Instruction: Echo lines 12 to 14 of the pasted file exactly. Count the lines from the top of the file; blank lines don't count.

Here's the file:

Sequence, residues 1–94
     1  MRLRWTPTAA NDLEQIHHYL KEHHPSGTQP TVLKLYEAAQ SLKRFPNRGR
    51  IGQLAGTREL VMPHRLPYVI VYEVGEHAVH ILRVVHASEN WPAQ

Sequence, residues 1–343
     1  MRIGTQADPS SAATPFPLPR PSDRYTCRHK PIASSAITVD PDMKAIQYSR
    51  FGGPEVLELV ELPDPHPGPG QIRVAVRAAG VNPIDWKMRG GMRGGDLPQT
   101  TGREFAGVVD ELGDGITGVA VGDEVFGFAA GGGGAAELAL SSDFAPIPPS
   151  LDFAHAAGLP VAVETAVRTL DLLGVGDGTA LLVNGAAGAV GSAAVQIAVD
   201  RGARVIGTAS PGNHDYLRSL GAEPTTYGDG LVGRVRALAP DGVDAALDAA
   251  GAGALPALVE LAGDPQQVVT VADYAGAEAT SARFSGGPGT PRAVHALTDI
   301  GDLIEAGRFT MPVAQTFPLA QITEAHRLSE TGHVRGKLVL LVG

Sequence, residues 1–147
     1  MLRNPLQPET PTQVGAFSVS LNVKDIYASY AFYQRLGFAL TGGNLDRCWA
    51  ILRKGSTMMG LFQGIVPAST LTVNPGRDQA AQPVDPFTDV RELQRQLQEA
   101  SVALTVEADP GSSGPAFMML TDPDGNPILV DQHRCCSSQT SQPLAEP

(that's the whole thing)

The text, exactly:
Sequence, residues 1–147
     1  MLRNPLQPET PTQVGAFSVS LNVKDIYASY AFYQRLGFAL TGGNLDRCWA
    51  ILRKGSTMMG LFQGIVPAST LTVNPGRDQA AQPVDPFTDV RELQRQLQEA